Farther south, widespread Southeastern showers slowed fieldwork – including winter wheat harvesting – but nearly eliminated any remaining drought areas. The heaviest rain (locally 4 to 8 inches or more) fell across parts of Florida and southernmost Georgia.
Seasonably dry weather covered the Southwest, accompanied by consistently hot conditions. Weekly temperatures averaged as much as 5 to 10 degrees above normal from the Southwest and Intermountain West to the northern Plains and upper Midwest.
As heat shifted eastward, late-week temperatures topped 100 degrees on the Plains as far north as the Dakotas. Elsewhere, scattered showers were noted in the Northwest, as well as central and southern sections of the Rockies and Plains.
On the central and southern Plains, the hit-or-miss showers generally caused only minor winter wheat harvest delays.

USDA Weekly Weather and Crop Reports


Colorado
Isolated precipitation along with very warm weather accelerated crop development in many counties across the state.
Strong thunderstorms with heavy precipitation and hail were reported in some northeastern counties. Isolated crop damage was reported in
these localities.
Increased heat units and localized moisture have generally improved crop conditions, with the exception of areas that received damaging weather.
Reporters noted that producers continue to treat wheat for disease issues.
Virtually all winter wheat was headed, just ahead of last year, with 48 percent rated good to excellent statewide, compared with 69 percent good to excellent last year.
Stored feed supplies were rated 1 percent short, 93 percent adequate, and 6 percent surplus.
Sheep death loss was 77 percent average and 23 percent light. Cattle death loss was 2 percent heavy, 71 percent average, and 27 percent light.


Nebraska
For the week ending June 11, temperatures averaged four to eight degrees above normal and were accompanied by
dry conditions.
Only the southern tip of the panhandle and a few central counties received
significant rain.
Topsoil moisture supplies rated 3 percent very short, 37 short, 59 adequate, and 1 surplus. Subsoil moisture supplies rated 2 percent very short, 19 short, 78 adequate, and
1 surplus.
Producers were irrigating due to the dry conditions.
The warm, dry weather allowed planting and other fieldwork to continue. There were 6.7 days suitable for fieldwork.
Corn condition rated 0 percent very poor, 2 poor, 20 fair, 67 good, and 11 excellent. Emerged was 98 percent, equal to last year, and near 97 for the five-year average.
Soybeans condition rated 0 percent very poor, 2 poor, 24 fair, 67 good, and 7 excellent. Soybeans planted was 97 percent, near 96 both last year and average. Emerged was 86 percent, ahead of 81 last year, and near 84 average.
Winter wheat condition rated 3 percent very poor, 10 poor, 36 fair, 43 good, and 8 excellent. Coloring was 30 percent, near 33 last year and 31 average.
Sorghum condition rated 0 percent very poor, 0 poor, 28 fair, 61 good, and 11 excellent. Sorghum planted was 90 percent, behind 96 last year, but near the 89 percent average for this time of year. Emerged was 70 percent, near 67 last year, and ahead of 57 average.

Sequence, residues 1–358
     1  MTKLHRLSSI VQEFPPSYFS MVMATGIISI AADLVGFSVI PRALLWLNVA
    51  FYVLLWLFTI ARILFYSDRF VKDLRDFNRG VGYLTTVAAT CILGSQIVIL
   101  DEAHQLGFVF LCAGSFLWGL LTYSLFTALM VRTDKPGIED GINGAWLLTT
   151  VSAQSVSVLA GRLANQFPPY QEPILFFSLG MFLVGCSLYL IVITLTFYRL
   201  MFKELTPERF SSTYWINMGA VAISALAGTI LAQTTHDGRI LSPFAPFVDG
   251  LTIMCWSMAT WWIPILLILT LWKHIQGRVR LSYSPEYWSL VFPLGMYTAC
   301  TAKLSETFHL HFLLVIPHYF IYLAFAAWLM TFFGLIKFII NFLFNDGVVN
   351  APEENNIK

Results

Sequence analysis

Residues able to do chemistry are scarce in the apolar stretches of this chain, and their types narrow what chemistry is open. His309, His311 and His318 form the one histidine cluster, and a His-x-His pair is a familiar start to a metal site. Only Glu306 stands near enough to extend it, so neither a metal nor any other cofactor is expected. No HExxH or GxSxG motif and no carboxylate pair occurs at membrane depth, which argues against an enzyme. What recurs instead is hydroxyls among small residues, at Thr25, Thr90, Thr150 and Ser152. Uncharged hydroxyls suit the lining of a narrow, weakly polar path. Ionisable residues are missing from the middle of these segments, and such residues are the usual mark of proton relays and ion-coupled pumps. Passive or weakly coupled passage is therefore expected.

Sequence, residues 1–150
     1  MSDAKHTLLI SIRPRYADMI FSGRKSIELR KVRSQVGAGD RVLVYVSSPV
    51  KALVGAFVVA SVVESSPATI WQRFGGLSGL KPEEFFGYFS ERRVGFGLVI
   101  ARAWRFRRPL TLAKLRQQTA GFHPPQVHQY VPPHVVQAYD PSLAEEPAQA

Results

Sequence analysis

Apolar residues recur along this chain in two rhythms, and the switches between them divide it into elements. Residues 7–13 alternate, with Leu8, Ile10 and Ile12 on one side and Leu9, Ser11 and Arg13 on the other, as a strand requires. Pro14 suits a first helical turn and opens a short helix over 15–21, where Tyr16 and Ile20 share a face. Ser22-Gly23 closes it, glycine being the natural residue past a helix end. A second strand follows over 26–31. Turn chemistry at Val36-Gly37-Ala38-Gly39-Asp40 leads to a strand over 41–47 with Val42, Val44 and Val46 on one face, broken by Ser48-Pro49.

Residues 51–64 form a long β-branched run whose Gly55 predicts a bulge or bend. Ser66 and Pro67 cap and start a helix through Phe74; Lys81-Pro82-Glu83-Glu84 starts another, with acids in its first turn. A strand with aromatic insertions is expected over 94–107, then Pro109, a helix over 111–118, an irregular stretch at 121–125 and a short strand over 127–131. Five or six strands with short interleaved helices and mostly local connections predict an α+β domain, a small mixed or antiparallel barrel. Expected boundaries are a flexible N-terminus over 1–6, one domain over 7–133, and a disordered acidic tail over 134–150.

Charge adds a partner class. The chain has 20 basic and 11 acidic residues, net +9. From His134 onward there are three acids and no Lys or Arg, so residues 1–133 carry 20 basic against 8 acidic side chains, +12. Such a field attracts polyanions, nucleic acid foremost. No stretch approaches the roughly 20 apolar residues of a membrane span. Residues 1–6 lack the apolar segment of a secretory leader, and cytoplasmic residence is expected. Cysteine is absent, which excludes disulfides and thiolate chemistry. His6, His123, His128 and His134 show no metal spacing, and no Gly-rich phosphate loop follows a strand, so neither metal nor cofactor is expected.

Oats condition rated 0 percent very poor, 1 poor, 27 fair, 68 good, and 4 excellent. Oats jointed was 98 percent, ahead of 85 last year. Headed was 76 percent, ahead of 57 percent at the same time last year, and well ahead of the 50
percent average.
Alfalfa condition rated 1 percent very poor, 1 poor, 24 fair, 65 good, and 9 excellent. Alfalfa first cutting was 76 percent, near 79 percent at this time last year, but ahead of the 63 percent average.
Dry edible beans planted was 74 percent, less than 82 percent last year, but more than the 69 percent average.
Proso millet planted was 41 percent, ahead of 30 last year.
Pasture and range conditions rated 0 percent very poor, 1 poor, 20 fair, 71 good, and 8 excellent.
Stock water supplies rated 0 percent very short, 3 short, 96 adequate, and 1 surplus.

Wyoming
Wyoming experienced warmer than normal temperatures for the week. All 34 stations reported greater than average temperatures for the week with the high temperature of 97 degrees recorded at Worland and a low of 27 degrees at Lake Yellowstone.
Eight stations reported no precipitation. Newcastle had the most precipitation with 1.19 inches. Newcastle was the only station receiving above average precipitation.
A reporter from Western Wyoming indicted that weather was really good last week. They also reported they need a little rain to keep the grass growing and flooding problems are subsiding.
A reporter from South Central Wyoming noted they had temperatures in the high 70’s and 80’s with no moisture.
A reporter from Southeast Wyoming indicated that very good pasture conditions continue. Another reporter from Southeastern Wyoming indicated that hail has taken out or reduced potential yield for wheat and reduced pasture grazing days for livestock. They also stated that they have received no moisture so field work is in full swing.
Stock water supplies across Wyoming were rated 7 percent very short, 6 percent short, 82 percent adequate, and 5
percent surplus.